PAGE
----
Ordinance to restrict mobile businesses

The Daily Herald  |   Columbia TN

Columbia City Council adopted its first mobile vending ordinance last week, but not everyone is happy with what that could mean for local food truck vendors.

With the rise of the food truck industry over the past few years, the city needed to acknowledge the market in Columbia, and what regulations should be put in place. The hard part was figuring out exactly what that means, and if adopting an ordinance would be detrimental to the business market.

The council and Columbia Planning Commission have spent more than half a year narrowing down every detail of the ordinance, which some members like councilman Mike Greene have said made the whole process “convoluted and confusing.”

At Thursday’s regular meeting, the council initially voted 5-2 to deny the ordinance, but immediately voted to revisit the item after a brief discussion on why the item needed to pass. The second vote was 6-1 in favor, with councilman Mark King the sole opposing vote.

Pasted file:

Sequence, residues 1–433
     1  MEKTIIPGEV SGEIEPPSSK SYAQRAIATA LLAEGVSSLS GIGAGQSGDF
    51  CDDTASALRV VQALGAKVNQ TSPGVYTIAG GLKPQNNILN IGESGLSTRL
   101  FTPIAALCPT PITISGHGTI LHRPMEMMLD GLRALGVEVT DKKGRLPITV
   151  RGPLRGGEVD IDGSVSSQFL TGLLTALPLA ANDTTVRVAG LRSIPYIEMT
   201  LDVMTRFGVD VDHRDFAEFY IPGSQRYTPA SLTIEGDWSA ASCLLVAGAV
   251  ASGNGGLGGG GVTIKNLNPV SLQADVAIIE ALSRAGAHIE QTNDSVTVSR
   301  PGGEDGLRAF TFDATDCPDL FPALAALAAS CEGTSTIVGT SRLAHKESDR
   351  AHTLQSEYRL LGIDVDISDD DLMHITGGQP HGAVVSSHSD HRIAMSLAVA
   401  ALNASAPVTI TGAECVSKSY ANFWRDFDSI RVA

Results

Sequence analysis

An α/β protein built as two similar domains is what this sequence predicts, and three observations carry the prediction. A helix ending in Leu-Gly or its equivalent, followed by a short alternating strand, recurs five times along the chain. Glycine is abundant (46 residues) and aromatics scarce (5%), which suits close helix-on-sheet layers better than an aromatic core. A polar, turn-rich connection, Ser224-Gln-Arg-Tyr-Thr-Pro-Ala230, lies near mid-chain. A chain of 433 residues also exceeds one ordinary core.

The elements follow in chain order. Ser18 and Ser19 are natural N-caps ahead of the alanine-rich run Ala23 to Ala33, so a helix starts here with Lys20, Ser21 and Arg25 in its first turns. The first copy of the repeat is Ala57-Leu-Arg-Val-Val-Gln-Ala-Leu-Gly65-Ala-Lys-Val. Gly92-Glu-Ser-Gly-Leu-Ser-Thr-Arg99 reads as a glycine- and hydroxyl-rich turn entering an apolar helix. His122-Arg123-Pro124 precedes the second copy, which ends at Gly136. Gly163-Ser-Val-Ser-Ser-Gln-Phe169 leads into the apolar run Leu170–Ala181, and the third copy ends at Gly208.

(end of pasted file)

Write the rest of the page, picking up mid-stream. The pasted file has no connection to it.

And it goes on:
A few local food industry business owners spoke to the council during last week’s meeting, urging them to reconsider some parts of the ordinance, such as food trucks only being allowed on city property four days a week, size requirements for trucks and what types of food can be sold. Vendors will also have to pay a $50 annual permit fee to operate within Columbia’s central business district.

Paul Keltner, Columbia’s director of Development Services, outlined the ordinance, saying the intent of certain restrictions was to avoid competition with brick and mortar restaurants, who have more restrictions than temporary vendors. He said also that mobile vending isn’t just food trucks, but other types of temporary vendors like produce stands.

“The goal of this was to create some separation between the two, since one is a temporary use and one is a permanent use,” Keltner said. “A permanent building has many more restrictions than the temporary one we’re looking at now.”

The ordinance currently states food trucks cannot sell similar food items if adjacent to brick-and-mortar restaurants. For example, a food truck cannot sell hamburgers if posted up next to restaurants like Jumbo House Burgers or Bypass Deli.

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